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NASA’s next science missions will head for Venus, Io, or Triton

NASA’s next science missions will head for Venus, Io, or Triton


Four proposals were selected to move to the next stage of NASA’s Discovery Program

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Image of Venus
Venus, one of three possible destinations for NASA’s next Discovery missions

NASA just gave four teams $3 million each to bring their Solar System exploration dreams closer to reality. Two of the scientific teams have their sights set on Venus, one is focused on Jupiter’s highly volcanic moon Io, and the last is targeting Triton, a moon of Neptune.

“These selected missions have the potential to transform our understanding of some of the solar system’s most active and complex worlds,” Thomas Zurbuchen, associate administrator of NASA’s Science Mission Directorate, said in a press release. “Exploring any one of these celestial bodies will help unlock the secrets of how it, and others like it, came to be in the cosmos.”

The four teams are finalists for NASA’s next round of Discovery-class missions. Discovery-class missions are considered NASA’s “small” planetary science missions. These projects can cost no more than $450 million and are intended to complement NASA’s larger Solar System exploration missions, including the midsized New Frontiers missions and the flagship Solar System Exploration missions.

Of the four teams selected today, no more than two will actually be fully funded. The $3 million that they’ve just been awarded will be used to develop their mission plan, and concepts related to their mission over the course of nine months. At the end, each will present NASA with a study report and wait to see which of them actually makes the cut.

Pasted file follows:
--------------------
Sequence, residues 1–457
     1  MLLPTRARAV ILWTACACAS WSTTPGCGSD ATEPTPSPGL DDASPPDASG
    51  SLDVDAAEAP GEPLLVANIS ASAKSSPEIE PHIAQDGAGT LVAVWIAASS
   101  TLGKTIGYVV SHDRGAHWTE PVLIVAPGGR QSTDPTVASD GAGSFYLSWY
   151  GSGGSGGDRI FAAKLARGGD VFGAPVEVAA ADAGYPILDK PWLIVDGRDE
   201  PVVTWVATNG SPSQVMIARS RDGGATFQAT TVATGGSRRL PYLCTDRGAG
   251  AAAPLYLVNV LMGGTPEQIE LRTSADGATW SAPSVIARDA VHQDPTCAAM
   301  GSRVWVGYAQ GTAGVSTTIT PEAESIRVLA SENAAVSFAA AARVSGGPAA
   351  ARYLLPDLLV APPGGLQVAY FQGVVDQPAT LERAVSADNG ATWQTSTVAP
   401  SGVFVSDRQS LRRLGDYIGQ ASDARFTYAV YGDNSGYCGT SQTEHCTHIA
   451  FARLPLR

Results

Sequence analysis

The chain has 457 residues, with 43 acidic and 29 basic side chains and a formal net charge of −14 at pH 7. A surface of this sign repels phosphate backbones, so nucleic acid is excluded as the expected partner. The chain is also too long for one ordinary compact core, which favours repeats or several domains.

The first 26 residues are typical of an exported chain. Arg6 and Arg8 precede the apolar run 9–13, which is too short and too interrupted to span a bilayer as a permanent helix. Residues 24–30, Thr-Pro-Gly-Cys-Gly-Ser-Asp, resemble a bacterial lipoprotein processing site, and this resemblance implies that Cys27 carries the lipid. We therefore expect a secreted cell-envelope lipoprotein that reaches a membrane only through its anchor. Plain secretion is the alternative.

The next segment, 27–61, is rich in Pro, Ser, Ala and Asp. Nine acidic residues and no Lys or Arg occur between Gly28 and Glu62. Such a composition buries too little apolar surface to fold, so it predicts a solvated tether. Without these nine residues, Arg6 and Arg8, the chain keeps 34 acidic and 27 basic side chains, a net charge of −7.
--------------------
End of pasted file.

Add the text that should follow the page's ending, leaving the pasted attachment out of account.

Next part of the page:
Here are the four projects selected today:

VERITAS — VERITAS stands for Venus Emissivity, Radio Science, InSAR, Topography, and Spectroscopy. Its focus would be on mapping the surface of Venus and gathering data about how and why this planet developed so differently from Earth.

DAVINCI+ — DAVINCI+ stands for Deep Atmosphere Venus Investigation of Noble gases, Chemistry, and Imaging Plus and, as the name suggests, is also looking to go to Venus. Instead of focusing on the planet itself, it would focus on the gases surrounding the planet. One highlight of the potential mission would be sending a probe deep into Venus’ atmosphere. Its goals are to see how Venus’ atmosphere evolved and whether it had an ocean.

IVO — The Io Volcano Observer would visit Io, a moon of Jupiter and the most volcanic body in the Solar System. This mission would get a closer look at Io’s extreme volcanism and try to understand more about the moon’s structure.

Trident — The only non-acronymed proposal in the bunch, Trident would visit Triton, one of Neptune’s moons. The flyby mission would map the moon’s surface, and would look for clues as to whether the moon really has a predicted subsurface ocean.

Current Discovery missions include the Lunar Reconnaissance Orbiter (LRO) and the Mars InSight probe. The track records of the projects have been mixed. While the LRO has been in orbit around the Moon since 2009, and continues to collect valuable data, the InSight lander ran into trouble last year when a burrowing heat probe unexpectedly popped back up out of the Martian surface.

Two other Discovery-class missions were selected in 2017 and will launch in the next few years. Lucy will launch in 2021 and will explore seven asteroids, while Psyche will launch in 2023 and will explore a giant metal asteroid.

A final decision on which of the four newest projects will become fully funded missions is expected next year.